Dr. Flitcraft and Dr. Stark together expanded the study, which was published in the International Journal of Health Services in 1979. They wrote: “In summary, where doctors saw one in 35 of their patients in bad shape, a more accurate approximation is one in four; where they recognized that one in 20 injuries resulted from domestic abuse, the actual figure was closer to one in four.”

They added: “What they described as a rare event was in fact an event of epidemic proportions.”

Dr. Stark was a research associate at Yale's Institution for Social and Policy Studies from 1978 to 1984. He was hired the following year by Rutgers University and taught in its School of Social Work as a professor of women's and gender studies until his retirement in 2012. .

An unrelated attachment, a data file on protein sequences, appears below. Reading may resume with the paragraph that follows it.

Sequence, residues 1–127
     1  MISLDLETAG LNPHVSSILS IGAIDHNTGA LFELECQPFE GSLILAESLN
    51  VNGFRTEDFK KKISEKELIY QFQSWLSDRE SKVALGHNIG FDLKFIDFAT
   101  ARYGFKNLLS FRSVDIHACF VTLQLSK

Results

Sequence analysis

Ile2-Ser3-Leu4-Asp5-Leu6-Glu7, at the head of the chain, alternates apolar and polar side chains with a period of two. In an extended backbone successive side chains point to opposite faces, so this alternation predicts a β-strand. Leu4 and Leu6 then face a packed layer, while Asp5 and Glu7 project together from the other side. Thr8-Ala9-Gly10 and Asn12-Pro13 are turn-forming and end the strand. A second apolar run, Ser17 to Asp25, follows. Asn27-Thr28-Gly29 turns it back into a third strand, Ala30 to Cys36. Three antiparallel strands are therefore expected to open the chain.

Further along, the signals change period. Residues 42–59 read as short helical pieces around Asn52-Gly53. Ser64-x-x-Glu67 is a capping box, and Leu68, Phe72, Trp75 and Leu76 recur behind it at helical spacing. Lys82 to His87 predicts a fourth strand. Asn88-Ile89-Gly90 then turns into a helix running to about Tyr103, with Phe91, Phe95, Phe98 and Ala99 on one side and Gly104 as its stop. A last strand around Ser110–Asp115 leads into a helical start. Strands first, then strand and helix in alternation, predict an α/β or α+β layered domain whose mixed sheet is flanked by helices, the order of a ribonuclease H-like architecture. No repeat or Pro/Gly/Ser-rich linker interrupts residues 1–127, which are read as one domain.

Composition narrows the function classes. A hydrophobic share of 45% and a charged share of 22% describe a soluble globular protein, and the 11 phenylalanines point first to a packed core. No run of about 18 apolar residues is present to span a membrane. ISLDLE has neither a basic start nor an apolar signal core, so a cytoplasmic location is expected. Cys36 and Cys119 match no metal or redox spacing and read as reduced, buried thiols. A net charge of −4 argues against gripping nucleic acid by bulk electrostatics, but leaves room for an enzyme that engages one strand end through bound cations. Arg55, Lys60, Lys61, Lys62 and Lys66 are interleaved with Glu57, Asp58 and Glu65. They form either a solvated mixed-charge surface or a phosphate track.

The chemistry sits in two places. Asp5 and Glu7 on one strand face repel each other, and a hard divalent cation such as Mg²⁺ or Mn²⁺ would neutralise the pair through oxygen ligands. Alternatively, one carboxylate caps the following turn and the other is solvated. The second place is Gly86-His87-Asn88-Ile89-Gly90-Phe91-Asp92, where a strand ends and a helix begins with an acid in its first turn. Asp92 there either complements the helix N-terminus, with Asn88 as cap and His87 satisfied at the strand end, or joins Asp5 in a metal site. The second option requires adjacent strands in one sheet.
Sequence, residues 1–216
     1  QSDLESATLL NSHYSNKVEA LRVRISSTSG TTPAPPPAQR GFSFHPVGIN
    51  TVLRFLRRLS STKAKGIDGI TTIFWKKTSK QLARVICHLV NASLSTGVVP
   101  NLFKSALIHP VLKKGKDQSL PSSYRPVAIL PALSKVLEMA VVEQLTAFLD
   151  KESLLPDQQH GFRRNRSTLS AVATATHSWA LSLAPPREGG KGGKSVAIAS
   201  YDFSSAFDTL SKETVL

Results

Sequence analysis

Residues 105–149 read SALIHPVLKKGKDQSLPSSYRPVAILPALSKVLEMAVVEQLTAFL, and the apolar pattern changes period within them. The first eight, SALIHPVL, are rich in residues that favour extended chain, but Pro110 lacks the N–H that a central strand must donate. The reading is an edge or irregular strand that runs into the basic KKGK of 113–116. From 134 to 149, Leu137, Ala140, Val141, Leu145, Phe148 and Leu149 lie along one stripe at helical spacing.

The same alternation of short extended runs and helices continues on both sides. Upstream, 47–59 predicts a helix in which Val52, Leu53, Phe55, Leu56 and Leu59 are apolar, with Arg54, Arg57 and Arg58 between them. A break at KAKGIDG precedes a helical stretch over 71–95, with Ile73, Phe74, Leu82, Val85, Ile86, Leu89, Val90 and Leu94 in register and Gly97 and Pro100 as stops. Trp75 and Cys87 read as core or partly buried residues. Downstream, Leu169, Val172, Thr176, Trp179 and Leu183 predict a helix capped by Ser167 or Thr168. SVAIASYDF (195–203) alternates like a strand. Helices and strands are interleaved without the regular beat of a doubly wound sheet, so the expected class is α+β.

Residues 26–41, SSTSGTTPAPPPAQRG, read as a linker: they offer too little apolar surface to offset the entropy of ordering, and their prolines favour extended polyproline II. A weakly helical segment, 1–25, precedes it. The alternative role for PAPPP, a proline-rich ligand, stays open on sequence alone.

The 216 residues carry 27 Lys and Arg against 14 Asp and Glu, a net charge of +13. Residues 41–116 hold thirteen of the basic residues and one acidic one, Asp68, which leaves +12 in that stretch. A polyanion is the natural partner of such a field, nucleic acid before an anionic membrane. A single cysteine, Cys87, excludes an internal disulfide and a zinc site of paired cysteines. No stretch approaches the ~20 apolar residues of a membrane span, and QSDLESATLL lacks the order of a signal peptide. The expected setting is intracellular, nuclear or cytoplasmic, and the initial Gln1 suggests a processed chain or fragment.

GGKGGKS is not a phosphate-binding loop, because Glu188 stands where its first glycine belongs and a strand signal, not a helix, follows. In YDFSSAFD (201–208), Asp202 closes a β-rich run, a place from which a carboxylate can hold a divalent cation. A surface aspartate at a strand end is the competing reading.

In 1985, he and Dr. Flitcraft chaired the U.S. Surgeon General's Special Working Group on the Prevention of Domestic Violence.

In subsequent studies, they replicated their initial findings on a larger scale, showing that of 3,600 women treated for injuries at the Yale New Haven emergency room in one year, 20 percent had been beaten by their husbands or other male intimates.

He and Dr. Flitcraft co-authored “Women at Risk: Domestic Violence and Women's Health” (1996). On his own, Dr. Stark wrote “Children of Coercive Control” (2023).

In addition to his wife, he is survived by sons Sam, Daniel and Eli; another son, Aaron, from his marriage to Mrs. Connolly, which ended in divorce in 1975; three grandchildren; and a sister, Joyce Duncan.